In Dubliners, his collection of short stories, James Joyce captures Irish life, specifically the lives of Dubliners. Each story is a magnificent sketch of the people, setting, and situations; the entire collection presents a variety of such sketches. At the end of each sketch, I felt the despair that I believe Joyce intended to impart in each normal life situation. While each story captures different characters in a various stages of life, similar despair pervades each of their lives in related settings.
Joyce’s ability to capture the world through his words greatly impressed me. Each story is incredibly realistic and amazingly readable. However, I was not impressed with the plots behind each story; Joyce seems to hint at the issues and sometimes I felt too much was left for me to guess at. But while I didn’t love the stories themselves, I would highly recommend reading Joyce’s stories solely for the beautiful writing and careful character development. Reading the stories in Dubliners is an example to me that plot doesn’t necessarily make something I read “great”; good writing makes it great.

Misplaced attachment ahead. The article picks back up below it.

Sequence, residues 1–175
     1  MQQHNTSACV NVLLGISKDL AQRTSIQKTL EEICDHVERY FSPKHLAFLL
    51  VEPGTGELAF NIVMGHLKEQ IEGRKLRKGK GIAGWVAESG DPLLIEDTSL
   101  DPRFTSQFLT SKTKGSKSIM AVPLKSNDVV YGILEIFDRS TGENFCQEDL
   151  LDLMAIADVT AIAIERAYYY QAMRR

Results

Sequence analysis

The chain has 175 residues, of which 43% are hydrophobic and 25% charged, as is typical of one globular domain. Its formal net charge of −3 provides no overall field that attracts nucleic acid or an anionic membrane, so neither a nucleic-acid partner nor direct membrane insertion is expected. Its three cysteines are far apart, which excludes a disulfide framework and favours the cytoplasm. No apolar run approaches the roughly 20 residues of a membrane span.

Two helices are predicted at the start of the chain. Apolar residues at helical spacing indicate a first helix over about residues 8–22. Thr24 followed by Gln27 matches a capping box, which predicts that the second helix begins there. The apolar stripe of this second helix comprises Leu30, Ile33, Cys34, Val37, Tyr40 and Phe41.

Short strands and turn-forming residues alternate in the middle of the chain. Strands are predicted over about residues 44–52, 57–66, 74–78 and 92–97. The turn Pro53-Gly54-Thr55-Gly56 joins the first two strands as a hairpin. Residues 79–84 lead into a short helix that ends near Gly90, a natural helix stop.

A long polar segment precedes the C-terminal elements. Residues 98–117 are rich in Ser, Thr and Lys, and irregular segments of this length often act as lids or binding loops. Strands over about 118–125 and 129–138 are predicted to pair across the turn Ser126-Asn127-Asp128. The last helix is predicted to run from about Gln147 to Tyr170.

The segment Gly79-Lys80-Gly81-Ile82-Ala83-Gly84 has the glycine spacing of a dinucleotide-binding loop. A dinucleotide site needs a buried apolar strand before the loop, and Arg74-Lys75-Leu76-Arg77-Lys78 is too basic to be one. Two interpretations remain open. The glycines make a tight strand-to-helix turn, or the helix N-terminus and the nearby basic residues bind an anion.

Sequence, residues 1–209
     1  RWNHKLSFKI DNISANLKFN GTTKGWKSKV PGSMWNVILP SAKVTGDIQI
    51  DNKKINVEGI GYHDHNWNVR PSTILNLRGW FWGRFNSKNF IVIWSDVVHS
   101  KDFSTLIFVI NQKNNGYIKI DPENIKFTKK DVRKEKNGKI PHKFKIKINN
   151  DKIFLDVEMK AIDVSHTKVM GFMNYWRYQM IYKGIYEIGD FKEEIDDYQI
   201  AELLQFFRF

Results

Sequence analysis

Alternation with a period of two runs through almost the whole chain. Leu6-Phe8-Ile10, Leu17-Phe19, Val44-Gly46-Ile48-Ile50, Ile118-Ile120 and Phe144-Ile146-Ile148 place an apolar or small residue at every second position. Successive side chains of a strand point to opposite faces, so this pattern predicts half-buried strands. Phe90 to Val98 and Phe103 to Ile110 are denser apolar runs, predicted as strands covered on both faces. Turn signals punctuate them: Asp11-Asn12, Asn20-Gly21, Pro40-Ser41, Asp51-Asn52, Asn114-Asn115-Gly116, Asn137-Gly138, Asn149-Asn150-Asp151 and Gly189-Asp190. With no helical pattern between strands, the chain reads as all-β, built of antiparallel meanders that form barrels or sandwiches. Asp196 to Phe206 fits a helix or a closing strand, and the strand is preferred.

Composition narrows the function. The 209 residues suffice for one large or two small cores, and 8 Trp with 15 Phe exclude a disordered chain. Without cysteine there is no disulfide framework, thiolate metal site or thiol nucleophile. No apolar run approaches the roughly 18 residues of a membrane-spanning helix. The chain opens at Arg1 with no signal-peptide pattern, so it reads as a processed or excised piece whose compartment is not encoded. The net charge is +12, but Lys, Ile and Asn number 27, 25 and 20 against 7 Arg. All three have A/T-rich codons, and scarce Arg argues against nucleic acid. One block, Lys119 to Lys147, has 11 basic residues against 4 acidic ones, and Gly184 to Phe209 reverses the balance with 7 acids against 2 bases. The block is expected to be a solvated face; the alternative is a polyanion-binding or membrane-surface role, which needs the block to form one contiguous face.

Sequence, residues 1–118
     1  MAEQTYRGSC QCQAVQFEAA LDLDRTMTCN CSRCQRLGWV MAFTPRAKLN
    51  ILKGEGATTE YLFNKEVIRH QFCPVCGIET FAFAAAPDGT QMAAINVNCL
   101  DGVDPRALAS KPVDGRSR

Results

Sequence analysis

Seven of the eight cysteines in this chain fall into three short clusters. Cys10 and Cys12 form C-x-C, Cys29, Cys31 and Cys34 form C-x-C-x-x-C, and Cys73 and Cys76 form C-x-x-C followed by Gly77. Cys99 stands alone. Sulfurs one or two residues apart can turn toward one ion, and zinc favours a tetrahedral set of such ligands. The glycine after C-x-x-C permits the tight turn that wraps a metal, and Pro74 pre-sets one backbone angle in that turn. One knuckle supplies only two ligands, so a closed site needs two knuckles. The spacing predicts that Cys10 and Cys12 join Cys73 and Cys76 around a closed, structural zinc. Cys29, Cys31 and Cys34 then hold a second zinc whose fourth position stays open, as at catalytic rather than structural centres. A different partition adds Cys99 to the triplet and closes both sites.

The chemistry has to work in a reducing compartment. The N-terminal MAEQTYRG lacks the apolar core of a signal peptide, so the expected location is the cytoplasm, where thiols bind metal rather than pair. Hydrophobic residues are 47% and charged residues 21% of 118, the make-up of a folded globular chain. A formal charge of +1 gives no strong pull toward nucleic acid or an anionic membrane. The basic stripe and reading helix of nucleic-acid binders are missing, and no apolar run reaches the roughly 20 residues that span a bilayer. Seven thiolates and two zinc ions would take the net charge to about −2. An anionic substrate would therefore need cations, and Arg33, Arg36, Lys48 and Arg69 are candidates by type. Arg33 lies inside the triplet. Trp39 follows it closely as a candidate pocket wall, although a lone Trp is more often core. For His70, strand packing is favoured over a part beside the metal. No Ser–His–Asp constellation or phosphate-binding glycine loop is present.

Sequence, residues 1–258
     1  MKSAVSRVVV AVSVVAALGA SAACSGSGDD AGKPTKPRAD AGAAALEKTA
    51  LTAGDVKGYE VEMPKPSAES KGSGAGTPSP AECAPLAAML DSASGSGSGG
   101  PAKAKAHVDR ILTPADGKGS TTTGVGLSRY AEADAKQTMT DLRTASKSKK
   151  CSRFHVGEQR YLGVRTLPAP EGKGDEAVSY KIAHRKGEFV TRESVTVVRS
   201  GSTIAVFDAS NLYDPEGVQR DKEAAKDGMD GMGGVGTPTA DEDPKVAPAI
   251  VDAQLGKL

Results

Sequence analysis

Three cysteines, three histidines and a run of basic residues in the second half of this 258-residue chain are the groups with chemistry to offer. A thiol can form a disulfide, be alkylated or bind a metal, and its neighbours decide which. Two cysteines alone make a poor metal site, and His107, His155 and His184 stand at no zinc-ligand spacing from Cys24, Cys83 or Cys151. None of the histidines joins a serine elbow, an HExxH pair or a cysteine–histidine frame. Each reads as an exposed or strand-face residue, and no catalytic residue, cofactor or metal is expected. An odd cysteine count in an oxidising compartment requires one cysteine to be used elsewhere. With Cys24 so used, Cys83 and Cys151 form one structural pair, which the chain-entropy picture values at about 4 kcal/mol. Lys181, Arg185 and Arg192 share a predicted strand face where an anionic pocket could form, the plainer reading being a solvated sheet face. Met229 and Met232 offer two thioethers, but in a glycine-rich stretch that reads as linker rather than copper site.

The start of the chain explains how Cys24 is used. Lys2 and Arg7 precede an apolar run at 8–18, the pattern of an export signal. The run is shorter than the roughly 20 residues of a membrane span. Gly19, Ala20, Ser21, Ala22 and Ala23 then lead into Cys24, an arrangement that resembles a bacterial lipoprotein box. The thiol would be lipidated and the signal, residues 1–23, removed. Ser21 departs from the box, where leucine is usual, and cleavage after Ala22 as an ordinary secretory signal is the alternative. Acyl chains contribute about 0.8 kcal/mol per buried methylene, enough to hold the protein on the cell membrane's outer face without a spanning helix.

Could good writing make something great for you or does the plot also have to grab you? Would you read something just for the great character development and beautiful writing?
Until I picked up his volume of short-stories, I hadn’t thought I’d ever read James Joyce. He’s always intimidated me. To my surprise, I’d read one story, “Araby,” which had been assigned reading in my ninth-grade English class. It remains my favorite of Joyce’s stories because, just as at age 14, the main character’s frustrations and “unrequited crush” resonated with me. If you choose one of Joyce’s stories to read, I’d recommend “Araby.” As I said, much in the underlying plot is left to the reader to untangle, and yet, the characters, setting, and emotions are perfectly captured.
Have you read something as a teenager that still resonates with you today?
If you have reviewed Dubliners on your own site, leave a link in the comments and I’ll add it here.